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Development of wound care formulations for PVP/NO: A novel nitric oxide releasing platform with potent antimicrobial and anti-biofilm properties

Award Information
Agency: Department of Health and Human Services
Branch: National Institutes of Health
Contract: 1R43AI145770-01A1
Agency Tracking Number: R43AI145770
Amount: $299,356.00
Phase: Phase I
Program: SBIR
Solicitation Topic Code: NIAID
Solicitation Number: PA19-272
Timeline
Solicitation Year: 2019
Award Year: 2020
Award Start Date (Proposal Award Date): 2020-09-04
Award End Date (Contract End Date): 2021-08-31
Small Business Information
950 DANBY RD STE 300
Ithaca, NY 14850-5714
United States
DUNS: 824978477
HUBZone Owned: No
Woman Owned: No
Socially and Economically Disadvantaged: No
Principal Investigator
 AARON STRICKLAND
 (607) 330-2307
 astrick@ifyber.com
Business Contact
 AARON STRICKLAND
Phone: (607) 227-7522
Email: astrick@ifyber.com
Research Institution
N/A
Abstract

The central goal of this SBIR research effort is to advance and commercialize a novel biomaterial with a nitric
oxide (NO)-based delivery system for the wound care market. This Phase I proposal will build on iFyber’s
strong preliminary data for this biomaterial as a potent antimicrobial and anti-biofilm platform. Specifically,
through past in vitro studies, iFyber has shown this system to exhibit excellent antibacterial and anti-biofilm
properties as evidenced by both in vitro and ex vivo biofilm models where it significantly outperforms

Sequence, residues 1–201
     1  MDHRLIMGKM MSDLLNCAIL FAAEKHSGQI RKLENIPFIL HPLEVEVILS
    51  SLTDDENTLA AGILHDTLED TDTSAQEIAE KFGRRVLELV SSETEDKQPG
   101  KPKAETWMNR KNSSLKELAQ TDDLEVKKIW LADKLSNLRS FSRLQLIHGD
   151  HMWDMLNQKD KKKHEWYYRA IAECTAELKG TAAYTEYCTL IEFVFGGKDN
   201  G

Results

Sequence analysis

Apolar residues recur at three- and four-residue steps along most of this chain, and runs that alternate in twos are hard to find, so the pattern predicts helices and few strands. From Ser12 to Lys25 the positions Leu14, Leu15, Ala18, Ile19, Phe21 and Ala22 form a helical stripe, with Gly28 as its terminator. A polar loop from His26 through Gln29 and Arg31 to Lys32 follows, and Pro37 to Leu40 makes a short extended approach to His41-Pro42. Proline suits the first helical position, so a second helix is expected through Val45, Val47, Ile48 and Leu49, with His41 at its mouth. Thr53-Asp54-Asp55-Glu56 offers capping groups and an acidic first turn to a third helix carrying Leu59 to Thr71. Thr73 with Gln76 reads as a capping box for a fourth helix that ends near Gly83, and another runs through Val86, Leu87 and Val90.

commercially available wound care dressings for Gram positive/negative bacteria, yeast, and mold. Results
form pilot animal studies have shown activity of this system, in vivo, but have highlighted formulation
development as a key focus area prior to advancing the technology further. If funded, iFyber aims to use this
Phase I project to advance effective and wound-relevant topical formulations that provide stable and sustained
NO-release. These formulations will be further advanced in a full battery of animal studies planned for Phase II.
Nitric oxide-releasing technologies offer a compelling alternative to standard antimicrobial treatments and
antibiotics currently used to combat infection in wounds. Our current data set clearly demonstrate the potential
clinical utility of PVP/NO in addressing microbial infection in general, and more importantly, prevention and
treatment of microbial biofilms that plague chronic skin wounds. An important milestone for this Phase I project
will be to expand on the PVP/NO technology by developing candidate PVP/NO-based topical formulations
that will serve as a non-antibiotic prophylactic treatment against microbial infection and as a treatment
for chronically infected wounds – two unmet needs within the wound care field.
Completion of Phase I efforts will result in a compelling data set that outlines the efficacy and defines the
minimal requirements for product formulation in terms of topical application. Together, these studies will help in
the transition to broader Phase II studies aimed to support entry of a PVP/NO-based product into the FDAandapos;s
regulatory process. iFyber will address the efficacy of the newly developed formulations of the NO-releasing